Jump to content

Water changes with only cold tap water available

Recommended Posts


Does anyone know the ratio for mixing boiled water with cold tap water in a 5 gallon pail to refill an aquarium for 74°f or how I could figure it out? My house uses a water softener and the only taps that aren't on it are the ones that would have a garden hose attached to it. The closest one to the aquarium is in my garage. The temp out of the tap is around 45°f I think, or whatever is equivalent to 10°c. My kettle does 60oz.

Link to comment
Share on other sites

I think it'll take some experimenting. depending on how big a water change in total gallons you are doing you could run the hose to a large bucket inside then let the water come to room temp first. That may be close enough to do a small water change without dropping the temp in the aquarium too much.

Link to comment
Share on other sites

Just get one of those $15 infrared temp guns, easy peasy.

I only have one 29 gal going right now, and I do weekly 50% changes.

I have a 20 gallon trash can, and I fill it with 15 gals from 3x5 gal buckets of cold.

I have a big steel cooking pot I keep for fish water and botanicals, and I fill that with cold and pop it on the stove. 

For all changes I’m aiming for 76F, but in summer I can get that with 90% of a boiling pot and in winter it takes the whole pot plus 2 kettles because the groundwater is so cold (still city water).

I mix in place, dechlor, and pump into the tank with an electric pump.

I use another pump and another line to drain.

All gets stored in the can when not in use.





Edited by AdamTill
Link to comment
Share on other sites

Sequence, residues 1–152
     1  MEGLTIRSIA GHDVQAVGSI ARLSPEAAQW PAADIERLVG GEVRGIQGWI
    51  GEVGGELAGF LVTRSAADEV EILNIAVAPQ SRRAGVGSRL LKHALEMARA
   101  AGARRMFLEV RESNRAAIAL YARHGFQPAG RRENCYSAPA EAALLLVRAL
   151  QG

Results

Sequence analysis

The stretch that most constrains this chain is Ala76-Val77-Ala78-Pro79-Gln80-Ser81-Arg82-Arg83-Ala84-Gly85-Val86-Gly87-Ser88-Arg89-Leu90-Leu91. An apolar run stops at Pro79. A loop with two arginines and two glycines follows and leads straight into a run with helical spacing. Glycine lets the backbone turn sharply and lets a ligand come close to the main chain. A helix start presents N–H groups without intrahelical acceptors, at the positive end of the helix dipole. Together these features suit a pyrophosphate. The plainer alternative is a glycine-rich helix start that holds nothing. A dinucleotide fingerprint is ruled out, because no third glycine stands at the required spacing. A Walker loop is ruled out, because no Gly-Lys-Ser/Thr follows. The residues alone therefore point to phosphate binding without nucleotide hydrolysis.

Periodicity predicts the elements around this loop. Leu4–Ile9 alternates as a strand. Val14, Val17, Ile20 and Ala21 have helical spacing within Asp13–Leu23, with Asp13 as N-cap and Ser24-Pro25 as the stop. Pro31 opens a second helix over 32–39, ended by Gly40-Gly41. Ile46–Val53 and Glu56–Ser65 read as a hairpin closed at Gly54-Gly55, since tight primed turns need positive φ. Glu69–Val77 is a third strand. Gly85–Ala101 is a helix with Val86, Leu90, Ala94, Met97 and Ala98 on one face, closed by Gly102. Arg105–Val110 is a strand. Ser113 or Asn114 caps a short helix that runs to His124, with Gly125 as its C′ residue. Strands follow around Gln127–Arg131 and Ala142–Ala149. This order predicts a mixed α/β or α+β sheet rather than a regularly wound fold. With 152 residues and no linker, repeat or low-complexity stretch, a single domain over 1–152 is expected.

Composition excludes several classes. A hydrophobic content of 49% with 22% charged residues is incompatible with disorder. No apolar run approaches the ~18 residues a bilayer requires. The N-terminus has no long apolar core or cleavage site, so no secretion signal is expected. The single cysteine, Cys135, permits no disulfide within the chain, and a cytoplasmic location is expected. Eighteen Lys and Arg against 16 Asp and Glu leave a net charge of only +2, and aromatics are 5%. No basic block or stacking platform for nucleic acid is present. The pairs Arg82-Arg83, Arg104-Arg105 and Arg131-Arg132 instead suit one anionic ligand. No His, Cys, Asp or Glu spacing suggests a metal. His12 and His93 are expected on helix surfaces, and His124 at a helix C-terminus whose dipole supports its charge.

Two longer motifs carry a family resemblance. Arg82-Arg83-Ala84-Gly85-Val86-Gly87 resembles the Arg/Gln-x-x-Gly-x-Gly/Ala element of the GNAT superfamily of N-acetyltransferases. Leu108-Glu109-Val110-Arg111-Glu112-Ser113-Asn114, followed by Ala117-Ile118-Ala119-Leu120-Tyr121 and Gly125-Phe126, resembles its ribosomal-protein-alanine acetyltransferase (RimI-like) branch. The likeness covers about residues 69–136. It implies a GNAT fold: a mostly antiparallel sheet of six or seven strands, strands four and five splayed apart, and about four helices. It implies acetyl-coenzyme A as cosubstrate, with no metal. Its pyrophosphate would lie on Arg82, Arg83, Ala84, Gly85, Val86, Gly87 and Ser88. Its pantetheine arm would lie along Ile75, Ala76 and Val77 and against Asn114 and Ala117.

I heat a quart of water in the microwave to just under too hot to touch, and mix with approx 1.5-2 gallons of room temp water in a bucket, using my hand to measure against the tank water to ensure its the same. You'd be surprised how accurate it is. 

  • Like 1
Link to comment
Share on other sites

You can use the equation:

q = m * Cp * (Th - Tc)


 q is heat energy 

m is mass

Cp is specific heat capacity 

Th and Tc are the hot and cold temperatures 

The energy given ny the boiling water to the cold water should be equal, so

q1 = q2


mc * Cp * (74F - Tc) = mh * Cp * (212F - 74F)


mc * (74F - Tc) = mh * 138F

Multiply through by the density of water and convert the mass to volume, so

Vh = Vc * (74F - Tc) / 138F

Where Vc and Vh are the volumes of your cold and boiling hot water and Tc is the temperature of your cold water in F. 

This takes some assumptions, but should get you within a couple of degrees. 

How this helps and wasn't too far Dien the science hole.


  • Like 2
  • Thanks 1
Link to comment
Share on other sites

Create an account or sign in to comment

You need to be a member in order to leave a comment

Create an account

Sign up for a new account in our community. It's easy!

Register a new account

Sign in

Already have an account? Sign in here.

Sign In Now

  • Create New...